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Creating a Sport Dynasty

On October 25, 2014, on Steinbrenner Field at the Massachusetts Institute of Technology, the Western New England University Golden Bear football team played the MIT Engineers in a game that would determine the New England Football Conference champion. Both teams stood undefeated, 6-0, and were clearly the premier teams in the league that year. It would be a showdown for the title, and the eventual winner would qualify for a spot in the national Division III playoffs.

The Engineers jumped to a 21-0 lead on their home field, but the Golden Bears steadied themselves and fought back in the second half, scoring a touchdown with 42 seconds left in the game. If they made the extra point, it would tie the score 35-35, potentially throwing the battle into overtime.

But as the kicker's foot smacked the ball, lifting it into the air, a MIT defender lunged forward and blocked it. MIT took the game and the championship trophy.

Next spring, as I sat in the office of WNE Head Football Coach Keith Emery, he told me, "That play killed our season and our morale--we still have a bitter taste in our mouths. But we have come up with the motto for this season: One Better. This year we want to be the team that is one point better on the scoreboard."

"Coach, that's why I came over to see you. I think I can help you do that."

I told him how, working with the Center for Applications of Psychological Type, part of the Myers-Briggs Type Indicator (MBTI) system, I had developed a new assessment, the Klein Group Instrument for Effective Leadership and Participation in Teams (KGI). Using the MBTI and KGI tools, I had created a new course at the University: Leadership and Team Skills. Several of his football captains had taken the course in recent years, elevating their skills and helping the team.

"Why don't I coach all nine of your captains with this model next fall? I could also work with them as a group, so we can make them a tight-knit unit working with the regular players. The goal of the KGI is to create team synergy, high performance, and I think we could do that for the team."

Coach Emery agreed, giving me an informal position, the new "Leadership Coach."

That was how it all began. In the fall I did a number of individual coaching sessions with each captain, sprinkled throughout the season. We identified specific skills from the nine KGI subscales, working on a couple of new ones every two weeks, and gradually expanded their leadership repertoires. We integrated psychological typology, so the men could refine their current type preferences and also their opposite preferences, connected to the KGI skill-building (e.g., developing the Feeling function related to KGI Interpersonal Focus skills). The captains were dedicated men, who worked on this project with the same commitment they brought to their physical conditioning and sport practice. Over time, they became flexible leaders, with a broader range of leadership techniques and the ability to use a wider range of MBTI preferences in the appropriate situations. With these assets, they were able to lead their position groups with insight and confidence.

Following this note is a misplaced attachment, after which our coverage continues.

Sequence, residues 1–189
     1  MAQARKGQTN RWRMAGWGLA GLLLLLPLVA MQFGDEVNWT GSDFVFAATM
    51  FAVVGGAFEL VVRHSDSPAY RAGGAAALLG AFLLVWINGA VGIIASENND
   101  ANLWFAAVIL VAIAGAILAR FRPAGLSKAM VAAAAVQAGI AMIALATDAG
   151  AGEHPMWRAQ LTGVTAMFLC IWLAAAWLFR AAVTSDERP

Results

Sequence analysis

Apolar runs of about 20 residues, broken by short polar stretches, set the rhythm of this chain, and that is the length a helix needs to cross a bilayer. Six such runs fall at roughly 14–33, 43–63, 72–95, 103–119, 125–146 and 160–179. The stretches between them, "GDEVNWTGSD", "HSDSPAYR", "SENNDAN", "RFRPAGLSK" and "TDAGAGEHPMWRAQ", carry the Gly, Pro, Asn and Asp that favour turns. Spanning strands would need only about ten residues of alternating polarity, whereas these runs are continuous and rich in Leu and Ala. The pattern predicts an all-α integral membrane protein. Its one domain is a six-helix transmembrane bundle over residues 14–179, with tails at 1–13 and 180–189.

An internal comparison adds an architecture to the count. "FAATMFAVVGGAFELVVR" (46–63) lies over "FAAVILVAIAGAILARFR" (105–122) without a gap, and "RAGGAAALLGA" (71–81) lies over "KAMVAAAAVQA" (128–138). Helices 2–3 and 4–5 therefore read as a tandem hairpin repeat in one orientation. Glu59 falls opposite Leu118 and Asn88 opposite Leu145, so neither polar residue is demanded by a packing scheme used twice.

On Friday afternoons, the day before a game, we met together as a unit. We used the KGI Group Profile materials to help us expand our strategies. We discussed the issues that had cropped up in their position groups and with the team as a whole. What were this week's concerns? What required problem-solving? We brought forward ideas from the KGI model to expand the analysis. The men learned to communicate well with each other, to think together and to synchronize their efforts.

By employing the KGI model for individual development and team building, we enhanced the captains' abilities in a way that impacted the entire squad. The captains' actions and attitudes set the tone for everyone else, and a new culture emerged, a culture of mutual respect, mutual encouragement, and commitment to winning. The team became more cohesive, close-knit and energetic.

For the first time in the thirty-eight-year history of the football program, we had an undefeated season, beating MIT and everyone else. In the National Coaches' Poll in Division III, we were ranked number 19 in the nation. On the last day of the season, at home, I was on the field with the coaches and players when we received the championship trophy. It was an exhilarating experience.

The next year we continued our robust leadership and team-building enterprise, based on the KGI and MBTI model, and went undefeated again. This time we won in the playoffs and made it to the "Sweet Sixteen" nationally, losing our game in the final seconds. Since then, we have won three more conference championships, making it five in a row: a dynasty. In the long history of the team, they'd won only one previous championship.

Equally impressive was what happened to our captains after graduation. Having acquired potent leadership skills, they rapidly moved into leadership positions in business and professional life. In the outside world, their talents were well recognized. One of my favorites is a captain who joined the National Guard. When he went to boot camp in Oklahoma with 215 other recruits, he received the award as the "Distinguished Honor Graduate." Practicing his KGI skills, he became the valedictorian, the top graduate in his class, a young leader who is now serving the country.

As we say at Western New England, for leadership and sport, be all you can be with the KGI tool.